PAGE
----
• Acknowledging one’s responsibility for one’s actions;
  • Acknowledging the impact of one’s actions on others;
  • Expressing genuine remorse when harm is caused;
  • Taking actions to repair the harm to the degree possible; and
  • Making changes so one no longer commits similar harm.

Punitive approaches may even impede accountability by forcing the person who caused the harm (often literally called the “defendant”) to defend, deny, and deflect, rather than take responsibility and acknowledge the impact of their actions.

In contrast, accountability processes seek to acknowledge the harm and repair the damage that was caused. This is called a restorative approach, and it’s founded on the premise that when harm is caused, it creates an obligation to the person harmed, and often to others in a group or community.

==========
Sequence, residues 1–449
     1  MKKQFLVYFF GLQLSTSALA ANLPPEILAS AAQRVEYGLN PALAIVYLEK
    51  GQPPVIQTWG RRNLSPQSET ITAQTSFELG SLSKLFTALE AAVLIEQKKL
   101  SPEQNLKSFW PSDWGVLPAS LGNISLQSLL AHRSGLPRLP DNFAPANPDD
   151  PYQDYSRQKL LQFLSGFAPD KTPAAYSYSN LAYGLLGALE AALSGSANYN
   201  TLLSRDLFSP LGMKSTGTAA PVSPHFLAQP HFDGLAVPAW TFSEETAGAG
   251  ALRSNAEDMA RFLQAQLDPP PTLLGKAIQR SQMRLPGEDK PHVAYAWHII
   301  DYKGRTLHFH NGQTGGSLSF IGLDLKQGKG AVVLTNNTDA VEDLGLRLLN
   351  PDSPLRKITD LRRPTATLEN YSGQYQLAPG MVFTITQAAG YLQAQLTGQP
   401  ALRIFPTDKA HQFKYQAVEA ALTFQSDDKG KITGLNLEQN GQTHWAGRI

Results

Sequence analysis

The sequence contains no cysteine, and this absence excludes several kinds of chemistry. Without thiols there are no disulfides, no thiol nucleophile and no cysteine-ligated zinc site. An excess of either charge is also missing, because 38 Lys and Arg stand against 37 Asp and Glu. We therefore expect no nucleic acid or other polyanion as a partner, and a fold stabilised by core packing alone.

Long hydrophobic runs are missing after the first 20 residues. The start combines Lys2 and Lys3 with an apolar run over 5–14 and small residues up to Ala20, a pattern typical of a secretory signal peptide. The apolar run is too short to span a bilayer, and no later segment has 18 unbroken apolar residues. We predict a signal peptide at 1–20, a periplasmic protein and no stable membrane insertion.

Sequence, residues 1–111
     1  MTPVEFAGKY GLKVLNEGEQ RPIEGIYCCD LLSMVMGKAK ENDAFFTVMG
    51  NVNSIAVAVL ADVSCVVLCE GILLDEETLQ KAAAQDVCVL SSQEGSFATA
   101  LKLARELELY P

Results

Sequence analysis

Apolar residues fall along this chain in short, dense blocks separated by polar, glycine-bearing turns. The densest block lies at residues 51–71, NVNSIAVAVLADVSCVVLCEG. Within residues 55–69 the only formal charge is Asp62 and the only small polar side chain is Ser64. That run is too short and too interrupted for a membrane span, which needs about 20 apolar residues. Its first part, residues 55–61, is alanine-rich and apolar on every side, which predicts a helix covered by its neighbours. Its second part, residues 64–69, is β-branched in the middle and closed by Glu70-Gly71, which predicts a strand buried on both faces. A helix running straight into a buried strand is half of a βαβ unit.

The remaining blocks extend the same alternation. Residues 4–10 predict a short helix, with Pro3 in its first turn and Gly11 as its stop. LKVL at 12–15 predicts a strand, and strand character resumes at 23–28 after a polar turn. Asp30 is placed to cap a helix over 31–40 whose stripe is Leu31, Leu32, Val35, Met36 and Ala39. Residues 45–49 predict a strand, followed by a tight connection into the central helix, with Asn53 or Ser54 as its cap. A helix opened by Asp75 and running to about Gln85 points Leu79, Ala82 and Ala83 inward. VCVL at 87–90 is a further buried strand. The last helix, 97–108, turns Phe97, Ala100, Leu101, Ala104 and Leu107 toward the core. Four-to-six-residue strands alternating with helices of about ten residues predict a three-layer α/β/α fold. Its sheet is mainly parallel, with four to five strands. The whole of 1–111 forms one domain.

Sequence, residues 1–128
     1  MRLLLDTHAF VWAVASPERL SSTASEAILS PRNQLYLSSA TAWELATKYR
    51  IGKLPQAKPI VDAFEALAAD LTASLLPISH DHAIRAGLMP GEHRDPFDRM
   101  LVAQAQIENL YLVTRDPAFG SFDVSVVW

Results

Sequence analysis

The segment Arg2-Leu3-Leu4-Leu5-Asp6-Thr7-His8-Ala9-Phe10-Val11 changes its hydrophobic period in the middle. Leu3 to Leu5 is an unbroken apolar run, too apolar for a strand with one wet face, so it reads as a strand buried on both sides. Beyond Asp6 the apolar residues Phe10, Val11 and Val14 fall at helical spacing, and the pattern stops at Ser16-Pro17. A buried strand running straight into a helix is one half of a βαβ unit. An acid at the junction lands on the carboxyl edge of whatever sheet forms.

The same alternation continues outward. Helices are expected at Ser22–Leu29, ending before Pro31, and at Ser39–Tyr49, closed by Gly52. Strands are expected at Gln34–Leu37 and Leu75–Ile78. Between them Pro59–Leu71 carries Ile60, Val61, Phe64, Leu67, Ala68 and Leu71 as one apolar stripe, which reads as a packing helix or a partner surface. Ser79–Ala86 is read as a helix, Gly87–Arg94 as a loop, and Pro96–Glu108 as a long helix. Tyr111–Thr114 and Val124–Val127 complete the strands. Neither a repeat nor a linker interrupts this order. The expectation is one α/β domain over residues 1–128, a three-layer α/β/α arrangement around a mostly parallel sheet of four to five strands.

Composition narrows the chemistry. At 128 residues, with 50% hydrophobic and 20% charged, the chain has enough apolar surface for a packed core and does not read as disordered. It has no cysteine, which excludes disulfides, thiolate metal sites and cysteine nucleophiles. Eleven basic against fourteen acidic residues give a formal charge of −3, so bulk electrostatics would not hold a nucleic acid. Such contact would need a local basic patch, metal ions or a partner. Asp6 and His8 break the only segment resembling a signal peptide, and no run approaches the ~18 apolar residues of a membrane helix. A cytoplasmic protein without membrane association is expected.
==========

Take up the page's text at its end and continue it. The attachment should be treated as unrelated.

What are the key elements of a punitive approach vs. a restorative approach?

A punitive approach is often used in traditional forms of discipline, both within schools and the criminal legal system. It focuses on addressing the offender, enforcing rules, and often meting out punishment.

•The questions we ask in traditional discipline are: “What rule was broken? What punishment is warranted?

•The results are often exclusion and isolation, perhaps stigmatization of the offender, while the victim/survivor is often not consulted or heard.